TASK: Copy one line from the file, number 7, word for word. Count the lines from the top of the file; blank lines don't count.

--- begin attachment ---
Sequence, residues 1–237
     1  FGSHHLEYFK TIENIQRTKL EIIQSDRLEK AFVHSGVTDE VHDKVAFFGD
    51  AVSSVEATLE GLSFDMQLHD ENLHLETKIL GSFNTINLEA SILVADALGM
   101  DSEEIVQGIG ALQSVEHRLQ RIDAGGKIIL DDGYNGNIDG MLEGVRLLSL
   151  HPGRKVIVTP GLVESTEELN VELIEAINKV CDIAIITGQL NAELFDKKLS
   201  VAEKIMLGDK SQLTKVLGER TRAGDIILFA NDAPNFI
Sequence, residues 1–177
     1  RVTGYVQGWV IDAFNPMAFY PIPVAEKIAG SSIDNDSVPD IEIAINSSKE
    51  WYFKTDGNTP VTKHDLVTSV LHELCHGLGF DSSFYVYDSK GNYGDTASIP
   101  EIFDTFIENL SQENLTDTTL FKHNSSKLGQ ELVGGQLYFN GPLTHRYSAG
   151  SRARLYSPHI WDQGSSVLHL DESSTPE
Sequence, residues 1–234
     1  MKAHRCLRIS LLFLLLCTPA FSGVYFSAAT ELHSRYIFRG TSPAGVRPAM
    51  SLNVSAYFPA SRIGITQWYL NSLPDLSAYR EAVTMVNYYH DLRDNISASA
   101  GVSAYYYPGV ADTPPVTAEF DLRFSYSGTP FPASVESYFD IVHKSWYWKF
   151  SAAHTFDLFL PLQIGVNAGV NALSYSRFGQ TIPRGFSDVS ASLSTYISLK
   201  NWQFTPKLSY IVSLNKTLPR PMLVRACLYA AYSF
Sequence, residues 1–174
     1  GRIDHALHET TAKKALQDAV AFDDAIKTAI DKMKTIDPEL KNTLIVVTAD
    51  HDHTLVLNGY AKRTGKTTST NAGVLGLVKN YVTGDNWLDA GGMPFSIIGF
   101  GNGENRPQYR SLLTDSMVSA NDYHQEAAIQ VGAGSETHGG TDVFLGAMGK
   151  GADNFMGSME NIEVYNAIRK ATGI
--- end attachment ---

Sequence, residues 1–177